The TED Blog posted an interesting interview with Catarina Mota on open hardware. She talks about how she came to be involved with open hardware, why it’s a good thing for us be in control of our hardware, and why some people still see open source and open hardware as a bad thing. She also talks about hackerspaces and their contributions to the open source and open hardware communities.
Here’s a quick status update on the site. I’ve started revising the old resource pages, beginning with the Books and References page. Most of the books listed were out of print or old editions, so I’ve started replacing them with comparable books that are currently available. The list is pretty short at present, I’d love to get some input on recommended books you’d consider essential for an open hardware designer. Post a comment below and let me know what to add. Some CC or GFDL licensed ebooks would be really nice if anyone knows of any.
Also, I’ve put up a poll to get some input on what sort of Open Hardware project readers are most interested in seeing. This first poll is to find a general direction for a project and once we get enough input, I’ll put up another to narrow down some features. You can find the poll in the right column of page. If you haven’t picked an option yet, please do.
The PCWorld website posted an article about the open hardware Olimex OLinuXino single board computer. The article compares it to the Raspberry Pi, noting that the while Raspberry Pi hypes their board as open hardware, they have not released their CAD files or complete schematics yet and utilize components that are not available in small quantities. Olimex designed the OLinuXino board to address some of these concerns. All CAD files and complete schematics are available and they use an easy to find CPU. They use the Creative Commons Share-Alike license for all hardware and the GNU GPL license for all software associated with the OLinXino. The board uses a faster CPU than the Raspberry Pi and runs Android, debian, and other GNU/Linux distros. They also tout the board as being noise immune and working in industrial environments with a temperature range of -25 C to 85 C. The OLinuXino uses the standard nano-ITX form factor. The board is priced at 45 Euros (about $57). One point where we’d have to say the Raspberry Pi wins is on the name. It’s unclear how to pronounce OLinuXino, which can’t be good from a marketing standpoint.
So what about the actual specifications?
- A13 Cortex A8 processor at 1GHz, 3D Mali400 GPU
- 512 MB RAM
- 6-16VDC input power supply, noise immune design
- 3 + 1 USB hosts, 3 available for users, 1 leads to onboard pinout
- 1 USB OTG which can power the board
- SD-card connector for booting the Linux image
- VGA video output
- LCD signals available on connector so you still can use LCD if you diasble VGA/HDMI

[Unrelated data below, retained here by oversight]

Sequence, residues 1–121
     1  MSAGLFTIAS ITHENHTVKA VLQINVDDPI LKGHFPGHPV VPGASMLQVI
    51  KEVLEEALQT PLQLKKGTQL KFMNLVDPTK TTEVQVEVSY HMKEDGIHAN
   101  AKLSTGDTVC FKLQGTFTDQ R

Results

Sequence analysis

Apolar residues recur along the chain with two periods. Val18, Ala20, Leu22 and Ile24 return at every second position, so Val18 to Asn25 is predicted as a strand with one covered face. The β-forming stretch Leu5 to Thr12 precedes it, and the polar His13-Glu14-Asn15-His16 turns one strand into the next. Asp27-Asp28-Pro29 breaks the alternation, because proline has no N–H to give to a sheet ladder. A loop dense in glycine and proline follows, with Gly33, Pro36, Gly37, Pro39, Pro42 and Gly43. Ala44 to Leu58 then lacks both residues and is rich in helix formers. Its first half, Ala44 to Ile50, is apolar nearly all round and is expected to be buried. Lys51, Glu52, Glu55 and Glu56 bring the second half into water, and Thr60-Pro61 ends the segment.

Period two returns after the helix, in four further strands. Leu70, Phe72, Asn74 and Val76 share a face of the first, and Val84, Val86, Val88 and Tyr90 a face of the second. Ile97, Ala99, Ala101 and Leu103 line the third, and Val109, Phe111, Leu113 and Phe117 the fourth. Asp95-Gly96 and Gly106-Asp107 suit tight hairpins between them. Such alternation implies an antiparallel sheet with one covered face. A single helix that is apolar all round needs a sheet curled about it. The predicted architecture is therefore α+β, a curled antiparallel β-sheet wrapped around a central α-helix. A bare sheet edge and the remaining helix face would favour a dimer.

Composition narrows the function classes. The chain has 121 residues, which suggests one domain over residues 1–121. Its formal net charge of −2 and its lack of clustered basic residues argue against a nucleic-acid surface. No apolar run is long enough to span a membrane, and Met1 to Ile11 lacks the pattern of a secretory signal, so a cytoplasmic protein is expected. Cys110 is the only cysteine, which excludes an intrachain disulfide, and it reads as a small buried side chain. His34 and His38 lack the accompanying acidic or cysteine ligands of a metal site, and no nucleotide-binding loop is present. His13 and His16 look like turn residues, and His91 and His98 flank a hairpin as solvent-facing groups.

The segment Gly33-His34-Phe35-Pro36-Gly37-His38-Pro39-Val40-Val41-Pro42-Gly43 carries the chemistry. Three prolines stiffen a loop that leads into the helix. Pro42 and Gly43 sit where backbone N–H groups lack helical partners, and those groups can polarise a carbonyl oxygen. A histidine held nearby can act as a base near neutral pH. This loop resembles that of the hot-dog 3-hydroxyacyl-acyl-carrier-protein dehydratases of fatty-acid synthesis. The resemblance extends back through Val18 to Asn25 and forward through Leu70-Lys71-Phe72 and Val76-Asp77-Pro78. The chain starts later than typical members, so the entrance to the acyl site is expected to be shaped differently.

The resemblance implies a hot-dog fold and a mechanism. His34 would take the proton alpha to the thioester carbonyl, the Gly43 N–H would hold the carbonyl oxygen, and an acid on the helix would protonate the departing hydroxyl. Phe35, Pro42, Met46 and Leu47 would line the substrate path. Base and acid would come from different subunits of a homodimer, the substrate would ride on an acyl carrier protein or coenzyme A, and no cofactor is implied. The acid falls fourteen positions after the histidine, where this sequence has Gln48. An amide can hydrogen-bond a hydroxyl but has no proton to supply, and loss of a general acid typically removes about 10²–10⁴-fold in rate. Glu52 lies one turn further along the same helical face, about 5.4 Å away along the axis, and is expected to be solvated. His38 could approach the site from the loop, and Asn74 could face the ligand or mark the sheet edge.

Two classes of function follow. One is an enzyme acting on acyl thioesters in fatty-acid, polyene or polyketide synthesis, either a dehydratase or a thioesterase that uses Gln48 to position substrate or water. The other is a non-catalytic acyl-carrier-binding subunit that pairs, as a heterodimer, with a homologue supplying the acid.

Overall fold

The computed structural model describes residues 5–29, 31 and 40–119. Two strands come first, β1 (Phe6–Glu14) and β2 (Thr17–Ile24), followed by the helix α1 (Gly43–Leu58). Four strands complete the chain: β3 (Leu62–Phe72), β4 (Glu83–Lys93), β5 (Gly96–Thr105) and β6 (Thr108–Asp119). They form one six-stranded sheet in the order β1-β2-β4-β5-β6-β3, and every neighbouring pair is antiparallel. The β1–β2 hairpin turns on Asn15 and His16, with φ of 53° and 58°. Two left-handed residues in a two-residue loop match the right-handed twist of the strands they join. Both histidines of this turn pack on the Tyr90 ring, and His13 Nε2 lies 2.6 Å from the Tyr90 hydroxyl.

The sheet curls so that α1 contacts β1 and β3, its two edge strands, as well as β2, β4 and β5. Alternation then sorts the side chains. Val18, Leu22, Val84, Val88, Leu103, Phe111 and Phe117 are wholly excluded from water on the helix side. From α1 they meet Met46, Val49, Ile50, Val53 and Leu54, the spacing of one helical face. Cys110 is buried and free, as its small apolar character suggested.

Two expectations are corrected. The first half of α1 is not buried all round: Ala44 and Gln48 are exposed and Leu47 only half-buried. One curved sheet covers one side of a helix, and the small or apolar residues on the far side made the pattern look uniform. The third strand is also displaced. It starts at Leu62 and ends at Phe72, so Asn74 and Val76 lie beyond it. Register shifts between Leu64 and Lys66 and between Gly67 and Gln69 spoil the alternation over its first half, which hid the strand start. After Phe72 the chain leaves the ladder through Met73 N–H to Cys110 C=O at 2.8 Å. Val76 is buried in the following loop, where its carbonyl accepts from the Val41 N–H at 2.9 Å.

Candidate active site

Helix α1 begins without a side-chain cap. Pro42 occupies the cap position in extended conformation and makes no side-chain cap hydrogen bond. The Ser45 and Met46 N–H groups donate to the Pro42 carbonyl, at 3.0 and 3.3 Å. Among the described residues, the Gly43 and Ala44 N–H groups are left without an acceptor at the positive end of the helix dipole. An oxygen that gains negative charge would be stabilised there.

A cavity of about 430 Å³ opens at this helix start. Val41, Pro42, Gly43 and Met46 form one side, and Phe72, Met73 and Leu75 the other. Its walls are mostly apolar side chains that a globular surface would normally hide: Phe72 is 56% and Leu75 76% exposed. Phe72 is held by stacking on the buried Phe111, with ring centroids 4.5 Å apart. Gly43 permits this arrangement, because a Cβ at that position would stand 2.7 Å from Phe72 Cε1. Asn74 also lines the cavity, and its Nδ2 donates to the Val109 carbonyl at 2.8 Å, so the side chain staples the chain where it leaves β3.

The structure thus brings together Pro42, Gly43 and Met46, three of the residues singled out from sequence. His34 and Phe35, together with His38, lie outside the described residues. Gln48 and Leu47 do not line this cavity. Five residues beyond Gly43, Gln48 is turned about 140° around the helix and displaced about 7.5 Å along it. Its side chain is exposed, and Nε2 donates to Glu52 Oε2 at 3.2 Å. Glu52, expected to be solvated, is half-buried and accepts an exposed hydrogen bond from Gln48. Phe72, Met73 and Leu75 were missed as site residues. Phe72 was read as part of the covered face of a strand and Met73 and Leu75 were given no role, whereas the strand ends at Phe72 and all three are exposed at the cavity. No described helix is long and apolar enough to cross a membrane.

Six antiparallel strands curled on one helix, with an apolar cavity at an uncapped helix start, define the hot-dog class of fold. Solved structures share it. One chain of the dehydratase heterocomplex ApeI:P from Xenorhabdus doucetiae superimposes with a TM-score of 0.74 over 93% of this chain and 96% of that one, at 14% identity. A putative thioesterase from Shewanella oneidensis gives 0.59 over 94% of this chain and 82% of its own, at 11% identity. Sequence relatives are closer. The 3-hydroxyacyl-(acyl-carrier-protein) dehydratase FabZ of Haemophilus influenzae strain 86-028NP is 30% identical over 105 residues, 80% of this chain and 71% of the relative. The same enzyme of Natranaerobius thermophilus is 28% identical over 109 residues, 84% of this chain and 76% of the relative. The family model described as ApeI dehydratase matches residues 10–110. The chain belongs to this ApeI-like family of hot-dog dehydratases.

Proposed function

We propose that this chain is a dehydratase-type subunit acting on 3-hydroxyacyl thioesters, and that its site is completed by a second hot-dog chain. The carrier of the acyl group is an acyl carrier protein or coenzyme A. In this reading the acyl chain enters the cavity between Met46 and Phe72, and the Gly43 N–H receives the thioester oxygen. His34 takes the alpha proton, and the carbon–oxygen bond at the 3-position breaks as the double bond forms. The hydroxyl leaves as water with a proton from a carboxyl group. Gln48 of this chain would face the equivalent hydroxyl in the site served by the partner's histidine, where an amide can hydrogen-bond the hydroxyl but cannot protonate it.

- Audio output
- Microphone input
- RTC PCF8536 on board for real time clock and alarms
- 5 Keys on board for android navigation
- UEXT connector for connecting addtional UEXT modules like Zigbee, Bluetooth, Relays, etc
- GPIO connector with 68/74 pins and these signals:
- 17 for adding NAND flash;
- 22 for connecting LCDs;
- 20+4 including 8 GPIOs which can be input, output, interrupt sources;
- 3x I2C;
- 2x UARTs;
- SDIO2 for connectinf SDcards and modules;
- 5 system pins: +5V, +3.3V, GND, RESET, NMI
- Optional low-cost 7″ LCD with touchscreen
Nathan Seidle of SparkFun gave an interesting talk at TEDxBoulder about the open hardware business model SparkFun has and offers it as a better model than the innovation-stifling models that rely on patents to suppress competition. It’s a great example of a successful business based on copyleft principles, showing that it’s possible to make money while still protecting the user’s freedoms.
Today marks the official relaunch of FreeIO.org’s website! When Marty founded the site back in March of 2000, he envisioned it as the center of a community interested in hardware freedom. He contributed to that community by developing some of the early free hardware designs and releasing them on this site under the GNU GPL. Marty’s designs were perhaps best know for his unique penchant of naming each board after a different breakfast treat.
Marty passed away on October 25, 2007. But before he lost his battle with pancreatic cancer, Marty passed on all his hardware prototypes, development gear, and this website to me. I’m Steve, better known as Steevithak online. I’ve kept Marty’s original FreeIO.org website intact and online since then, while I pondered what to do with it.
The time has come to get things rolling again and I’m starting with a relaunch of the website. Marty’s free hardware designs are still here and hopefully we’ll find volunteers to work on new hardware projects to add. I’ll also start updating the resource pages to make them more useful again. Meanwhile, I’ve decided to make the site more immediately useful by aggregating all the free hardware and open hardware news, so members of the open hardware community can have one central place to find out what’s going on.
We’re tracking news from the Open Source Hardware User Group, the Open Source Hardware Association, the Open Source Hardware and Design Alliance, and Open Collector. I’m also following blogs for major open source hardware projects like Arduino and Raspberry Pi. To round it out, we’ll have postings of general interest to hardware hackers such as application notes and new product releases from component vendors. If you can think of any cool free/open hardware blogs or news sources we should add, post a comment below. In fact, comments of any sort on how we can make the website more useful to the community are welcome.